meeting location for Persuasion

I can’t believe November 15th is approaching so fast! If you are still working on finishing the book Persuasion you can listen to it here for free! (it also has the text)

This meeting will be at my friend Jodi’s house. Email me if you need directions or want to carpool. Everything will be the same, just a new location. 10:00 am, bring your favorite brunch item. ūüôā


Emma: About the Author

I have SO MUCH to tell you about this month’s author, Jane Austen. When I first found out I would be writing this post, I thought, “This is our 4th Jane Austen book. There won’t be anything else to tell them about her! I’ll have to think of something else to write.”

Except we didn’t start writing About the Author posts until more recently, and there’s only one other post on this dear woman which I wrote in a characteristically¬†lazy manner. So lazy that I said nothing about her! I claimed it would spoil the book or some such nonsense. Ha.

After thoroughly¬†chastising¬†myself, I set about to laboriously research our favorite writer by combing through her Wikipedia article. I’ve seen Becoming Jane. What else could there possibly be to know? And then I chastised myself some more.

She’s a sneaky one. You see she purposefully had many of the documents that could have told us about her life destroyed. How did she know anyone would care? She wasn’t actually famous per se during her lifetime. I mean, the books were well known, but she published under the name “A Lady.” Although some people must have known she wrote them because she was invited to visit the Prince Regent, George IV, who requested she dedicate her next book to him. Since she felt she had no choice but to do so, she did- sarcastically- with Plan of a Novel.

We do know some fascinating tidbits about the timeline of her life. Apparently she decided at the age of 13 to be a serious writer, and from that young age worked consistently on her craft. In her early twenties she began putting the characters of Pride and Prejudice, Sense and Sensibility, and Northanger Abbey on paper. Lack of fortune, want of connections, and- I’m going to guess- war, all had their hand in preventing her from publishing anything until she was 35 years old. Well, that, and a cranky publisher who bought the copyright to Northanger Abbey when she was 22 and never published it. Mansfield Park, Emma, and Persuasion were all written towards the end of her life which ended so early at the age of 41. In fact, Persuasion and Northanger Abbey¬† were published posthumously with a note from her brother Henry which revealed her as the author of the novels.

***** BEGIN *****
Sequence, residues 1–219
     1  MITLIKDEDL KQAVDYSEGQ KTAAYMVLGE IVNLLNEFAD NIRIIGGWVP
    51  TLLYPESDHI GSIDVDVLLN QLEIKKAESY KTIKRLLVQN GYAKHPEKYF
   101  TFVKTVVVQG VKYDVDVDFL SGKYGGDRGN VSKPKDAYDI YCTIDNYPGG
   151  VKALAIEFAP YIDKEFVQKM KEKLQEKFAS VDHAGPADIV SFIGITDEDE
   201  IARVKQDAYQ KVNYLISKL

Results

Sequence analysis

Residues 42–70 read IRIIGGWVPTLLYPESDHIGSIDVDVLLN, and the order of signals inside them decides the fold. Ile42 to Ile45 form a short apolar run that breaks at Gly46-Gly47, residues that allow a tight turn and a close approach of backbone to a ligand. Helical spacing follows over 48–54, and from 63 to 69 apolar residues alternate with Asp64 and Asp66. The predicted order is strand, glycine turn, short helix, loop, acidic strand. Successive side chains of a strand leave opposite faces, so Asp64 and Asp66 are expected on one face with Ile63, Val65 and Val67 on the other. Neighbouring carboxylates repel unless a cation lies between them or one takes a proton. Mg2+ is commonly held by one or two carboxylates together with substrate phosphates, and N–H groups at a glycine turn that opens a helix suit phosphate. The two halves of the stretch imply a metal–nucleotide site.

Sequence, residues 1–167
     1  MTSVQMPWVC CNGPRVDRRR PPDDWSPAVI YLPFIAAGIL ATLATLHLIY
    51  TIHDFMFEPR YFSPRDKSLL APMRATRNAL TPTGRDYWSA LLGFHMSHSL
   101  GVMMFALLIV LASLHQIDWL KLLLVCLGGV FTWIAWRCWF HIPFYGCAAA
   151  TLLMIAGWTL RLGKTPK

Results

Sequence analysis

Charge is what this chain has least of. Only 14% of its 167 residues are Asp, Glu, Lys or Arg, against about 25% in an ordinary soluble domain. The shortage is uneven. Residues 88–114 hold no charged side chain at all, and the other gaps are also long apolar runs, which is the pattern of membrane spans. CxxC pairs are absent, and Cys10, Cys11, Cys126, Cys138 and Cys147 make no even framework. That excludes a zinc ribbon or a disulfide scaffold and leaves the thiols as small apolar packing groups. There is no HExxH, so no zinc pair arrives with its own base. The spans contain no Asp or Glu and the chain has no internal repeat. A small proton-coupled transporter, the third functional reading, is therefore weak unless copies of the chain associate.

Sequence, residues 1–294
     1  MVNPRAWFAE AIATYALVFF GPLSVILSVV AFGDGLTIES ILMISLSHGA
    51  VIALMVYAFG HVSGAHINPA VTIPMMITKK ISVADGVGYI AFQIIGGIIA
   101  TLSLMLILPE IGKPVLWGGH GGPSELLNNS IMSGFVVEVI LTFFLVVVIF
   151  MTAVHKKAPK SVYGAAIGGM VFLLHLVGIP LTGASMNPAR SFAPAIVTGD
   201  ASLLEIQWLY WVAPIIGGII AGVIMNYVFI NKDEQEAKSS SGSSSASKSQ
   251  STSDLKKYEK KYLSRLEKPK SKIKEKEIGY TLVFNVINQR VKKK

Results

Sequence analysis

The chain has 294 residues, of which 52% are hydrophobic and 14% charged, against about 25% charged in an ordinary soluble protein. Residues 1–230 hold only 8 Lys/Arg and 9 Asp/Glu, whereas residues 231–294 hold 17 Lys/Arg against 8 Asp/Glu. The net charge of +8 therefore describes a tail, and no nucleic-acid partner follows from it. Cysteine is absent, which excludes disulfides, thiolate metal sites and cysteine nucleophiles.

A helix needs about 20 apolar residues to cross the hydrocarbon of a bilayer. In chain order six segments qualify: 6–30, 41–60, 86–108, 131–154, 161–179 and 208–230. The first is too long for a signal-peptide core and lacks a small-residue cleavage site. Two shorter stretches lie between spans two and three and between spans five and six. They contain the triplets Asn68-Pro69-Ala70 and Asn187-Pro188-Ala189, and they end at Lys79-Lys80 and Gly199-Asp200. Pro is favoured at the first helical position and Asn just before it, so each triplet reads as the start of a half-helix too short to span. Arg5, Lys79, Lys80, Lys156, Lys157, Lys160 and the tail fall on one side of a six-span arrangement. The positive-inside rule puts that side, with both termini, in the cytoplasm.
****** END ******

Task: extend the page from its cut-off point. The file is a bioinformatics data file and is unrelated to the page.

Although it has been quite some time since I’ve seen Becoming Jane,¬†I do remember James McAvoy’s character, and indeed there was such a man in her life. Well, Wikipedia didn’t really tell me enough for me to know that she was in love with him, but they did cause some trouble together and apparently his family felt the need to keep them apart, so there must have been some attraction. We also know that she was engaged for one day to a family friend who is also a character in the movie, but unlike the movie, he apparently was, “a large, plain-looking man who spoke little, stuttered when he did speak, was aggressive in conversation, and almost completely tactless.” If we know anything about Jane from her stories, we know there is no way you could convince her to marry such a man.

After all my careful toiling through Wikipedia, I have come to just that conclusion: We know Jane from her stories. We know her¬†sensibility, prejudices, and persuasions. She told us herself. I’m enjoying her sense of humor in Emma.¬†I need to get going though, and finish the book. I’ve spent way too much time on this blog post for you all! If you need to find out more for yourself you can always check Wikipedia, but if you really want to know, you’ll read her writings for yourself.

Past Reads


September 2021: Midnight at the Blackbird Cafe by Heather Webber (176) 
August 2021: The Lost Man by Jane Harper (175)
bonus book: A Trick of the Light by Louise Penny (174)
July 2021: Dark Matter by Blake Crouch (173)
bonus book: The Brutal Telling by Louise Penny (172)
June 2021:
The Lazy Genius Way by Kendra Adachi (171)
bonus book: A Rule Against Murder by Louise Penny (170)
April 2021: 
Hannah Coulter by Wendell Berry (169)
March 2021
: Crime and Punishment by Fyodor Dostoyevsky (168)
bonus book: The Cruelest Month by Louise Penny (167)
February 2021
: Snow Child by Eowyn Ivey (166)
bonus book: 
A Fatal Grace by Louise Penny (165)
January 2021: Still Life by Louise Penny (164)

December 2020: Mother Tongue by Christine Gilbert (163)
November 2020:
Don Quixote by by Miguel de Cervantes (162)
October 2020: What the Wind Knows by Amy Harmon (Ireland) (161)
September 2020: Circe by Madeline Miller (Greece) (160)
August 2020: Elephant Company by Vicki Constantine Croke (Burma) (159)
July 2020: Radio Shangra La by Lisa Napoli (Bhutan) (158)
June 2020: Pavilion of Woman by Pearl S Buck (China) (157)
*May 2020: Endurance by Scott Kelly (space) (156)
*April 2020: The Coroner’s Lunch by Colin Cotterill (Laos) (155)
March 2020: West With The Night by Beryl Markham (Kenya) (154)
*February 2020: The Black Tulip by Alexandre Dumas (Netherlands) (153)
January 2020: Raven Black by Ann Cleeves (Scottland) (152)

December 2019:
Unmarriageable by Soniah Kamal (Pakistan) (151)
November 2019:
Dracula by Bram Stoker (Translivania) (150)
*October 2019: